Plan for the indirect costs of college
You have grants and loans for tuition and books, a scholarship for housing, and a pre-paid meal plan. You’re all set for college, right?
Not so fast. While tuition, books, food and housing make up the lion’s share of college expenses, it’s not everything. Indirect costs can add up quickly if you’re unprepared for them. These expenses range from big (a car) to small (a shower curtain), but they all have one thing in common: they’re unexpected. Anticipating indirect expenses, calculating the probable cost and including these in your budget are the best way to ensure you aren’t caught short when the bill comes due.
When you’re picking classes, pay attention to whether there are additional fees for field trips, lab expenses or equipment rental. Some classes, especially technical and scientific courses with associated labs, may require you to buy special clothing or equipment.
- Most universities charge students an incidental fee which is paid at the same time as tuition. But if you plan to play a sport, there may be additional fees as well as expenses for uniforms and equipment.
- You'll want to decorate your dorm room. Fortunately, there are many ways to save money on dorm room decor. As soon as you get your room and roommate assignment, contact your roommate and agree to split the shared items like microwave and fridge. You’ll want to buy good bedding. A quality mattress topper can make even the most wretched dorm room mattress tolerable. Everything else you can get at rock bottom prices from thrift stores and dollar stores. Watch the sales to buy towels and sheets.
- College isn’t all work, but watch your entertainment expenses because those can spiral out of control quickly. Instead of paying for entertainment, have fun with inexpensive or free, on-campus activities.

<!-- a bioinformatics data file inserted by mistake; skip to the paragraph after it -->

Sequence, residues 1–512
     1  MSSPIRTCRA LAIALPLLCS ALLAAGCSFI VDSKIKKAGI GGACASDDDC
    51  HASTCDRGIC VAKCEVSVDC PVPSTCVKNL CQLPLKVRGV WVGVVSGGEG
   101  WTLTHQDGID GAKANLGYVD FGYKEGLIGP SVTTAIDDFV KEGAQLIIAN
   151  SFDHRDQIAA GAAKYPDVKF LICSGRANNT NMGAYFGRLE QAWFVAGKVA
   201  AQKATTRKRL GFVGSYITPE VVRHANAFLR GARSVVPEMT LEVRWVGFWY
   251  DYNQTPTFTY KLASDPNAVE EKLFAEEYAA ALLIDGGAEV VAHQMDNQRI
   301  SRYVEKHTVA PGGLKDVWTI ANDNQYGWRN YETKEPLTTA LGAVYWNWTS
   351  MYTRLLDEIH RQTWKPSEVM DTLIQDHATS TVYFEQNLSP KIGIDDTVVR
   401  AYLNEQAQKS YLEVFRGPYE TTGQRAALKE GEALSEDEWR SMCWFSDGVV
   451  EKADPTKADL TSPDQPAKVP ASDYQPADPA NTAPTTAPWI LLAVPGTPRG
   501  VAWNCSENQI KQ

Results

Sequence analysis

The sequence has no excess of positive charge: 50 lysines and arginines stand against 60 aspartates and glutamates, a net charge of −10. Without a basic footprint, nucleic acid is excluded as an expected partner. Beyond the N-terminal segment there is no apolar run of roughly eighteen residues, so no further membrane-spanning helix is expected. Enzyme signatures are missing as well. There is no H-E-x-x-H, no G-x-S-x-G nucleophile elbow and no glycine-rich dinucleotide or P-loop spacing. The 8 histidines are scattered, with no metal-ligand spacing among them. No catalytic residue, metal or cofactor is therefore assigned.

- Be careful with spring break. Instead of a week spent in a pricey hotel spending money on food and drinks, grab some friends and go camping in a state or national park. Or spend a week making a difference by engaging in direct service and volunteerism. Many campuses have affordable alternative break programs.
- Plan affordable dates. Rent sports equipment from the university recreation center, like bicycles or tennis rackets. Go to art galleries, or go biking or hiking. Check your school’s online activities calendar for a list of free upcoming concerts, plays, comedy shows, lectures and other events.
- If you or your parents purchased a meal plan, use it to the fullest. If you can’t eat every meal, maybe you can use it to stock up on snacks. Most campus dining rooms offer fruit or other portable food that make nutritious snacks.
- Skip the fancy coffee. If you need caffeine to power through the day, get it from the dining hall or buy a coffee maker at a thrift store and become a dorm room barista.
- Anticipate your snacking needs. Late night snack runs may fuel your study sessions, but it can be unnecessarily expensive. A trip to the discount grocery store during the day costs a lot less than a midnight trip to the drive-thru fast-food.
Balance the scales
- Get a part-time job. Most college students have at least some free time. You can spend that time spending money, or you can spend it making money.
- Buy your textbooks used, and sell them at the end of the semester. Keep any textbooks you may need in your professional life, but sell the rest. You’ll earn some cash, and you’ll be helping the next student control costs.
Back to financial education resourcesGo to main navigation